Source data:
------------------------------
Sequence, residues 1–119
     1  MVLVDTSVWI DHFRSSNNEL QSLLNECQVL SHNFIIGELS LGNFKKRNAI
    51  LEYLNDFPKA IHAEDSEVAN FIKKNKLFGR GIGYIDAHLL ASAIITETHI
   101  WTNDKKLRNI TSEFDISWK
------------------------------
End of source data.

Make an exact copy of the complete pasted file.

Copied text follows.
Sequence, residues 1–119
     1  MVLVDTSVWI DHFRSSNNEL QSLLNECQVL SHNFIIGELS LGNFKKRNAI
    51  LEYLNDFPKA IHAEDSEVAN FIKKNKLFGR GIGYIDAHLL ASAIITETHI
   101  WTNDKKLRNI TSEFDISWK